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Date of Issue:17/November/2003

Kiribati-Japan Relations From a gNikkeih I-Kiribati Perspective

Kentaro Ono
Company President, Midopac (Kiribati) Enterprises
Former President, Kiribati Chamber of Commerce

After receiving high school education in Kiribati as an exchange student, I stayed on and acquired Kiribati citizenship became the first-generation Japanese-Kiribati. Here I outline a little about Kiribati, its relationship with and how it sees Japan.

Despite surprisingly close proximity to and deep relationship with Japan, Kiribati is probably among the countries least known to most Japanese. Kiribati straddles the Equator that cuts across the centre of the Pacific, measuring around 5,000 kilometres from east to west. It has an Exclusive Economic Zone (EEZ) of more than three million square kilometres but a land area of only 720 square kilometres, similar to Tsushimafs landmass. In the Millennium Fever of year 2000, Kiribatifs Millennium Island, the eastern-most island in Kiribati, appeared on NHK, CNN and other international media as the first place in the world to greet the first sunrise of the New Millennium, so some people probably recall gOh, thatfs the placeh. Christmas Island, which lies around 3,000 kilometres to the southwest of Hawaii, is also part of the Kiribati. Kiribati has a population of only around 90,000 people, and an unbelievable unemployment rate of approximately 80%, using gmodernh method of calculating unemployment rate. This is due to the semi-subsistence lifestyles of people living on the outer islands, who sell copra, the raw material for palm oil, when they need money. When they donft, use their nets to catch fish just enough for a day and live in local houses with elevated floors, no walls and roofs woven from pandanus leaves.

Kiribatifs relationship with Japan reaches back to World War II, when it was occupied by the Japanese army. Betio, an islet in the Tarawa Atoll, Kiribatifs capitol, was the site of fierce fighting that produced heavy casualties on both the Japanese and American sides, therefore has a sad history. Since Kiribati became independent in 1979, Japan has established itself as an extremely important development partner. Some 99 percent of the cars in Kiribati are second-hand Japanese vehicles. Delicious solar salt is exported from Christmas Island to Japan. Japan has an experimental space shuttle launch site operated by NASDA on Christmas Island, and many Kiribati men work fishing boats affiliated with the Federation of Japan Tuna Fisheries, fishing for quite a number of gtatakih, half-cooked skipjack sashimi, eaten in Japan. So-called Anti-Japan feeling is almost non-existence.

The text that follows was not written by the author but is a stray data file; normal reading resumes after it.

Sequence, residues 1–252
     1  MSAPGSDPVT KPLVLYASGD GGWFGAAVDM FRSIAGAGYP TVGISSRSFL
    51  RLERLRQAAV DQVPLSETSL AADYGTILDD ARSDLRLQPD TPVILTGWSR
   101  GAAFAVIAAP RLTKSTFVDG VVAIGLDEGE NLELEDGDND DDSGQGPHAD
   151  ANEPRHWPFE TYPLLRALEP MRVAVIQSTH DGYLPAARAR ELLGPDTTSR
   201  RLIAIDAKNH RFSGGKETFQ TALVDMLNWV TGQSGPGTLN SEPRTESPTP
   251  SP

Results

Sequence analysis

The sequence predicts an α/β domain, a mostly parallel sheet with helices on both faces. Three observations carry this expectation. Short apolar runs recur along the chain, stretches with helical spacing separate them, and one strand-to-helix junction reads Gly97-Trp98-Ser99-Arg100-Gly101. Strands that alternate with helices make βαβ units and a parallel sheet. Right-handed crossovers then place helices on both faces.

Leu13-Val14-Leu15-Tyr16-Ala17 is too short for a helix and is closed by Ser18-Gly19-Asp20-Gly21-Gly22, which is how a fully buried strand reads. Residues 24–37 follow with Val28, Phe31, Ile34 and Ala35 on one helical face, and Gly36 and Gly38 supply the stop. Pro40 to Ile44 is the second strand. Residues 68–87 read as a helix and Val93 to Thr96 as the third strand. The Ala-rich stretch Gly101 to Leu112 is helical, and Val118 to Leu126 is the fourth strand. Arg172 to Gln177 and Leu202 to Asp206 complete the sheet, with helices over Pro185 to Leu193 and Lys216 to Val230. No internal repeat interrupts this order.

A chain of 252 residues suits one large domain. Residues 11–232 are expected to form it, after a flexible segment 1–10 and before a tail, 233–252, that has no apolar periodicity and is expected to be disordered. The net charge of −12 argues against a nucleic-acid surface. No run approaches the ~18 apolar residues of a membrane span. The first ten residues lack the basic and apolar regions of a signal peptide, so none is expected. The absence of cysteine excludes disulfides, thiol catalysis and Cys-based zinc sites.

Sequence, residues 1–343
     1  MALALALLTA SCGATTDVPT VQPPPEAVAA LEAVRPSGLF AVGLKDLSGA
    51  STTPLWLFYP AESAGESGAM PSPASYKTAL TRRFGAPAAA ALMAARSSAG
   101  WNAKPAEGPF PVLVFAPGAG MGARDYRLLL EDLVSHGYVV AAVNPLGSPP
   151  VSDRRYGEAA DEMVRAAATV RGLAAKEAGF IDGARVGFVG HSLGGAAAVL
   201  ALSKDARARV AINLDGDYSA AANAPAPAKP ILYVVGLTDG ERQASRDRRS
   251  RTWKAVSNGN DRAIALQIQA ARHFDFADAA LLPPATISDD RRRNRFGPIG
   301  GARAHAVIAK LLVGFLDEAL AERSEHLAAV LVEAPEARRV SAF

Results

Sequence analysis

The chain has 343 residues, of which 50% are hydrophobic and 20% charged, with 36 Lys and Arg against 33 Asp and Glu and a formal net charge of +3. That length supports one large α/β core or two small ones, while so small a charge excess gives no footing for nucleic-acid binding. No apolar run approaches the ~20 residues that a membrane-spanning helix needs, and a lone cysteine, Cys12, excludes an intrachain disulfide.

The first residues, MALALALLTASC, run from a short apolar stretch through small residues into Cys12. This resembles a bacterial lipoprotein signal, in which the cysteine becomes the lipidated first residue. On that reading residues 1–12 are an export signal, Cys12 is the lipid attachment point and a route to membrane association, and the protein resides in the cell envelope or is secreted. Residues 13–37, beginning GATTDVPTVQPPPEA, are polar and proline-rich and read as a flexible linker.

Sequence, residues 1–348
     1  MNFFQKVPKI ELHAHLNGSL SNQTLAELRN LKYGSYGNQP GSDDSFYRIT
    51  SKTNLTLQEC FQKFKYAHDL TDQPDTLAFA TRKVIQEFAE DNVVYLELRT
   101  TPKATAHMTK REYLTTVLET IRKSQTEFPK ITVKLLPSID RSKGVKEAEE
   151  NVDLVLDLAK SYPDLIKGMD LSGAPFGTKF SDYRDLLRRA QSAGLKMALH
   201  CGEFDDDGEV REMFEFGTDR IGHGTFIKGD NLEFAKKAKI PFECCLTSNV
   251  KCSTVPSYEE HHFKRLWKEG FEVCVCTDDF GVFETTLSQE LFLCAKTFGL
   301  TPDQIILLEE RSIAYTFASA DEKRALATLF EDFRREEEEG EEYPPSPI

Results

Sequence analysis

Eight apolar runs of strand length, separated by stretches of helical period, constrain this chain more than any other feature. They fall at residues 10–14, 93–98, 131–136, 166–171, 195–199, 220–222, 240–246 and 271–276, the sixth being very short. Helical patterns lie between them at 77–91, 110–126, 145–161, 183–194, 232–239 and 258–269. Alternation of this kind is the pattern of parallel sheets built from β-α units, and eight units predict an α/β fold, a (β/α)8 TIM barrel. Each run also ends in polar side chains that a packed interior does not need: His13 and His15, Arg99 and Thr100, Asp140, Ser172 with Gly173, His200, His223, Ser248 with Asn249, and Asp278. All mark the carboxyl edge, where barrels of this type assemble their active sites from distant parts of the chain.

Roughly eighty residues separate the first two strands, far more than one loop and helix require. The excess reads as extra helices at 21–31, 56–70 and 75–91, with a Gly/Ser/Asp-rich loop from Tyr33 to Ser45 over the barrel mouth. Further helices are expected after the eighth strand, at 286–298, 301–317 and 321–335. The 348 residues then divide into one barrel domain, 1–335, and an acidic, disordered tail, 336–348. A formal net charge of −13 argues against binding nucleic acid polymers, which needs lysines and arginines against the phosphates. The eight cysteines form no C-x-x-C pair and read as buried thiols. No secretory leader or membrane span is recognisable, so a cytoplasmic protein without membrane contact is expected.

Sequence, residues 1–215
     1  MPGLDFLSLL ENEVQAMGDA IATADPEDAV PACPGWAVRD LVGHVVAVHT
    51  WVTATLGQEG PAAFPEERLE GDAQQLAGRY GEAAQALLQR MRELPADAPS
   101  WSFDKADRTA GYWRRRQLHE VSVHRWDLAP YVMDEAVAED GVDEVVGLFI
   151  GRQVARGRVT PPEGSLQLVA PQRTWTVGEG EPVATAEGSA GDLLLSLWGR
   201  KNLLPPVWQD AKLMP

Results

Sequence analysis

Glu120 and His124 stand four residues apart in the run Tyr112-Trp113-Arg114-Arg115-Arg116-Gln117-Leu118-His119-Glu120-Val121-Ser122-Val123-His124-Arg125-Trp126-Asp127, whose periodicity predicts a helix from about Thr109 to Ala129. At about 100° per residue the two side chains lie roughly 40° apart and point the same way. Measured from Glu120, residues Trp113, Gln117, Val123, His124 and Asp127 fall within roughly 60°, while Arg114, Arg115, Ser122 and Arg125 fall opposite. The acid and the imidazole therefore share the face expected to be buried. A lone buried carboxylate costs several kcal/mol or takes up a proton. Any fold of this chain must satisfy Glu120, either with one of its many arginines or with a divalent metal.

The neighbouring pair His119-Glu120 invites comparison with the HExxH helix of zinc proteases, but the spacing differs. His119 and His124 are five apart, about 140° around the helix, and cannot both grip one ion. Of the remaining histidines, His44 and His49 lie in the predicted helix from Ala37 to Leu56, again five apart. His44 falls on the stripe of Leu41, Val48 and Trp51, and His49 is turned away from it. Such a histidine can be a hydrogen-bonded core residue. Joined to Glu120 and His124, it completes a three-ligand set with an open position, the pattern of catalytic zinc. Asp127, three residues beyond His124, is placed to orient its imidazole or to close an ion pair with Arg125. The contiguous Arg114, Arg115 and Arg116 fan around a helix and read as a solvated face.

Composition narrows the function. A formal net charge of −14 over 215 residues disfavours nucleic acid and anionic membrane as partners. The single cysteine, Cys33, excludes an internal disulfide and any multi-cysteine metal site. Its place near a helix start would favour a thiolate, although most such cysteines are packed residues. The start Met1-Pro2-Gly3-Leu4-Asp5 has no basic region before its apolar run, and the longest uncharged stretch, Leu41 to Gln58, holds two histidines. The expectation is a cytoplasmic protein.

In recent years, Japanfs Official Development Assistance (ODA) has been brought under the spotlight, spurring much criticism in Japan. However, I do not know any other country is as grateful for Japanese ODA than Kiribati. The Kiribati people appreciate the huge difference that Japan has made to improve their standard of living, including a reclaimed road (causeway) that links Betio and Tarawa Proper within the Tarawa Atoll where previously access was only possible using a landing craft; renovation of the government secondary school that I attended where students couldnft study when it rained during my time now provides a much better study environment; and the construction of a power plant and distribution facilities that have vastly improved the power supply situation, and many more. Japan lends a warm hand in support of many countries so very far away from its shores, including war-torn Afghanistan and Iraq, as well as the African countries that have unfortunately continued to face problems after their independence. Kiribati is a peaceful tropical, and fortunate, island nation without struggling against war or poverty. Some people negatively feel that there are more cars and houses with tin roofs in Tarawa these days, diminishing the essence of Kiribati. The people of Kiribati take the maintenance of their identity and culture very seriously, and this is very important for sure. However, moving into the 21st century, a cash economy has naturally permeated the islands and demand for cash has increased, which is for better or for worse an irreversible trend in any country belonging to the international community. Tin roofs allow gutters and tanks to be attached to collect precious rain water to drink; petrol fuelled outboard motors enable fishermen to boost their catches to sell; cars mean that there is no need to walk miles under the hot sun. Therefore, balancing the tradition vs. the trend holds very important key.

I strongly hope that Kiribati, a country with virtually no resource other than the vast ocean will gain, someday, true economic independence. Unknowingly close by to but virtually unknown in Japan, Kiribati has high expectations of Japan in assisting it to achieve this goal as both a development partner and also as an equal partner in the international community. I wish to be able to contribute to this effort in some small way, with the best of my capability.


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